The voices of famous and lesser known figures in America's quest to reduce poverty are collected for the first time in this comprehensive historical anthology. The book traces the most important ideas and contributions of citizens, activists, labour leaders, scholars, politicians, and governmental agencies to ensure American citizens the basics of food, housing, employment, education, and health care. The book follows the idea of poverty reduction from Thomas Paine's agrarian justice to Josiah Quincy's proposal for the construction of poorhouses; from the Freedmen's Bureau to Sitting Bull's demand for money and supplies; from Coxey's army of the unemployed to Jane Addams's Hull House; from the Civil Works Administration to Dr. Martin Luther King, Jr.'s call for an Economic Bill of Rights; and from William Julius Wilson's universal programme of reform to George W. Bush's armies of compassion.
Table of Contents
1. Native American Contributions to Egalitarianism 2. The Early Republic and Antebellum America: Moral Cures, Poorhouses, and Structural Solutions 3. After the Civil War: The Rise of Labor and Scientific Charity 4. The (Un) Progressive Era; The Great Depression and the New Deal Era 5. The War on Poverty 6. The Dismantling of the Great Society and New Deal: Contemporary Solutions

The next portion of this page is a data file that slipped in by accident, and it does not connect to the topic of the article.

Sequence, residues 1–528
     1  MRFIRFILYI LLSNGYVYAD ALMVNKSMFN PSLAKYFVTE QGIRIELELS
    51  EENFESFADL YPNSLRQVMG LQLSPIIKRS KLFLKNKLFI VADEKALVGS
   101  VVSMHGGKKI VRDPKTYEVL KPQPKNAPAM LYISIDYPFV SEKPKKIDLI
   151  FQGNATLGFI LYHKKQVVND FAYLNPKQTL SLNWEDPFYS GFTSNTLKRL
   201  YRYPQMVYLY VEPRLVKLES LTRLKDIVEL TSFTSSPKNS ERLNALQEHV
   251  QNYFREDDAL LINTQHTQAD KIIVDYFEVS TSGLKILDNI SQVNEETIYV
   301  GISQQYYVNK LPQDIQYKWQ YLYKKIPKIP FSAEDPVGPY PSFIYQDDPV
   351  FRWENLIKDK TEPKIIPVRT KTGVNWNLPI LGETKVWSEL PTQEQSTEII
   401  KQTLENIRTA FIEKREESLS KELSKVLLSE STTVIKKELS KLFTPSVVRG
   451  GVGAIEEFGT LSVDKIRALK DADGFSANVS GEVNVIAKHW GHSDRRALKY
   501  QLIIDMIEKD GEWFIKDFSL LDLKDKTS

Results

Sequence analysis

"…the story told by Myers-Lipton is profoundly educational and is a must read for those seeking to lay the ground for meeting America's poverty challenge in the future."
—Tracey L. Farrigan, Cambridge Journal of Regions, Economy and Society
“Scott J. Myers-Lipton has compiled an impressive array of articles on the social context of poverty in the United States and on the various plans and proposals to alleviate human suffering. His unique volume could become a standard reference not only for scholars and students who study poverty, but also for policymakers and citizens seeking realistic solutions.”
—William Julius Wilson, Louis P. and Linda L. Geyser University Professor, Harvard University
"Social Solutions to Poverty: America’s Struggle to Build a Just Society is one of those rare books that should be bought, read, kept, and used again and again. It is not only an unsettling story of poverty and the attempts to relieve it, but a reference work that teachers, students, and serious thinkers of whatever station will want to keep close at hand.”
—Dr. Charles Lemert, Wesleyan University
"Ranging across time and including views of a diverse group of Americans - from Thomas Paine to Tecumseh and from W.E.B. Du Bois to Herbert Hoover, Huey Long, and George W. Bush - this book not only provides the reader with insight into the history of our society's debates about the challenge of poverty, it also can help lay the foundation for future steps to respond to that challenge."
—Congressman Mark Udall
"At a time in which scholarly policy work often has become divorced from the acute reality of pain and suffering, Myers-Lipton has delivered up a treatise that harkens back to Michael Harrington's moving wake-up call, 'The Other America.'"
—J. Larry Brown